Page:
Protection of the open vistas along Sun Valley's western entrance, known as the "Gateway" became official last week. With a vote to pass the 2005 Comprehensive Plan Update, the Sun Valley City Council agreed to permanently protect the entrance land corridor as open space, and nearly 3,000 acres of other city lands.
"I think (the plan) is superb. It reflects great insight and is a good guideline for our community for the next ten years," Mayor Jon Thorson said.
Following a recommendation from the Planning and Zoning Commission, the city council voted Thursday, Sept. 8 to approve the city's guiding land use document. During the council's first formal review and public hearing of the update, the council voted 3-1 in favor of the plan, with Councilman Kevin Laird dissenting.
The approval came after considerable public discussion centering on the gateway lands along Sun Valley Road. The discussion resulted in minor amendments to the overall update, which establishes a general framework to guide the physical, social, economic and environmental development of the community.
As he presented the commission's unanimous recommended draft to the council, P&Z Chair Nils Ribi said, "When taken as a whole, (the plan) does represent the vision of the community."
The P&Z's recommendation arrived after input from the steering committee, city staff, planning officials, residents and consultants over 16 months.
At Thursday's public hearing the council and the public emphasized that approval of the update serves as the jumping off point for further, in-depth land planning.
"It is a start. Nothing is cast in stone. Please keep an open mind," Councilman Lud Renick said.
The plan requires an annual review.
Public review ignited the meeting, with Karen Reinheimer and Dan Pincetich criticizing the city's failure to properly notice the attendance of a quorum of P&Z members at steering committee meetings.
In defense of the city's actions, City Attorney Rand Peebles said, "The process that led to this process is appropriate, fair and lawful."
The council then moved to address the plan and attached maps. The plan includes "Land Use Planning Area" maps and narrative that outline development for six tracts of land primarily owned by Sun Valley Co.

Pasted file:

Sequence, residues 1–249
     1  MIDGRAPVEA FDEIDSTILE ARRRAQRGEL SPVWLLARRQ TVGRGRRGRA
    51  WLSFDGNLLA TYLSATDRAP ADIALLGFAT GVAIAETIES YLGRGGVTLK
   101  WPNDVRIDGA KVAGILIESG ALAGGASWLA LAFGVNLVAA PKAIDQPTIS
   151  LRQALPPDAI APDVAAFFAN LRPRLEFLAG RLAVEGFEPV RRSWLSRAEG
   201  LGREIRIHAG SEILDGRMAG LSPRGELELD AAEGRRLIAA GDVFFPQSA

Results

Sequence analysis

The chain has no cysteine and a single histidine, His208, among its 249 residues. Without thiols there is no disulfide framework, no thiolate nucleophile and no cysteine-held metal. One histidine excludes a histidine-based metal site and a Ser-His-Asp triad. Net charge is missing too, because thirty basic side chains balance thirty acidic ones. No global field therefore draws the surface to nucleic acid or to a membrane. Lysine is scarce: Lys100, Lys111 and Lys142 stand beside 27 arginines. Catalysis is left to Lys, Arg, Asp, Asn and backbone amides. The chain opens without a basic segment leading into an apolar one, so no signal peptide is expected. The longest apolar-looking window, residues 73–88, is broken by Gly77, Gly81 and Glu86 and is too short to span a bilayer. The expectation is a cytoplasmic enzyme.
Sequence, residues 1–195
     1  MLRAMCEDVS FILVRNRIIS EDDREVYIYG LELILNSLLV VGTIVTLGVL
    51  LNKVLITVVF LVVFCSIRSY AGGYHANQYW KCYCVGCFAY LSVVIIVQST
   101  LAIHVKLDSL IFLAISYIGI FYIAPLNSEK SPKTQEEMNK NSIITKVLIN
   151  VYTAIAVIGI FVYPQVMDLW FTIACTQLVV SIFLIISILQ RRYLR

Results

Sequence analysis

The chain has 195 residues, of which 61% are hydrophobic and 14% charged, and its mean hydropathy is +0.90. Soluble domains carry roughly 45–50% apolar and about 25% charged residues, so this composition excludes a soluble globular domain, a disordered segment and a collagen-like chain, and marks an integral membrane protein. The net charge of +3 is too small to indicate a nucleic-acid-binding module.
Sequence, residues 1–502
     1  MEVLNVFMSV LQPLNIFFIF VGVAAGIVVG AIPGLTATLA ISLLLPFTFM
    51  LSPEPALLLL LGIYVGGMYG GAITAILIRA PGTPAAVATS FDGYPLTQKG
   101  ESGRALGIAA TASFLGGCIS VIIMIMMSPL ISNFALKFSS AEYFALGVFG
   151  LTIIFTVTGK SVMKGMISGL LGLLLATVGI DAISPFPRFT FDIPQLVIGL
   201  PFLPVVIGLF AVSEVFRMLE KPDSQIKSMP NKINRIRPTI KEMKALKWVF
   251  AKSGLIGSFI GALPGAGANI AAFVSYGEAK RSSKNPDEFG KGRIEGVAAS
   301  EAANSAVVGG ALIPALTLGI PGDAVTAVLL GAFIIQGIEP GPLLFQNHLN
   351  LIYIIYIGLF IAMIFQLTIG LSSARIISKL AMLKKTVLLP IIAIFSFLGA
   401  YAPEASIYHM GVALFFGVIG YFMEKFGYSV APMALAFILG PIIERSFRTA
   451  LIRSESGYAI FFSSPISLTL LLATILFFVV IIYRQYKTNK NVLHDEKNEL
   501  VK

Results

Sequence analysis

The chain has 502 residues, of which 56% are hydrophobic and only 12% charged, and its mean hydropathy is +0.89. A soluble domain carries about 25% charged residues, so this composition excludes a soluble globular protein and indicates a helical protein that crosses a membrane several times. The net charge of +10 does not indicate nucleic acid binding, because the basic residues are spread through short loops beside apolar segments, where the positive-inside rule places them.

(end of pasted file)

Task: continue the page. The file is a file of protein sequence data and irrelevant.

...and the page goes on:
Among those areas, the gateway parcel maintained the interest of the council and the public.
The gateway mapping designates an undisturbed corridor of open-space land stretching on the west side of Sun Valley Road to the Saddle Road intersection. The designation of Penny Hill as open space required the city to distribute the 112 units of existing development rights located around the hill to lands elsewhere in the area. Under the proposal, a 125-unit maximum is permitted as medium-density residential development.
Ribi explained that right to additional 13 units in the area came in exchange for open space.
Under the current regulations, remaining areas are designated agricultural/recreation, allowing recreational facilities such as an ice rink or tennis court to be built. Most of the gateway land is owned by the Sun Valley Resort.
Residents of the Bitterroot subdivision, located adjacent to the gateway, requested the city consider the density proposed near their subdivision.
Sun Valley resident Milt Adam encouraged the city to consider flipping development rights from Penny Hill across Saddle Road, to the northwest corner of Sun Valley Road and Saddle Road.
The plan approved by the city, calls for the front portion of the city's five-acre parcel to be designated as public/quasi public. Although the front section of the parcel is marked with a park symbol, the public/quasi land-use designation includes government facilities and workforce housing. The plan allows residential uses on the back (northern) side of the public parcel.
At the meeting, citizens voiced support for keeping the 5-acre parcel as open space.
Although the council discussed removing the cross hatch symbols that propose future trade sites for portions of the city's 5-acre parcel, the council decided the highest priority was to move forward with the plan and avoided material changes to the map.
"I think this is the best answer to a problem that I don't perceive can be solved at this juncture," Councilman Blair Boand said.
Calling himself a filibuster, Councilman Kevin Laird addressed a long list of small problems. The board addressed Laird's concerns, moving forward with a motion by Renick, seconded by Boand, to approve the plan. Via a conference call, Council President Ann Agnew voted with Renick and Boand in favor of the motion. Laird opposed.
"Seventy-nine pages, 18 months, $125,000, folks this is not an update, it is a rewrite. Because it is a rewrite, it would suggest that 10 years hence, we would concentrate on a rewrite," Renick concluded.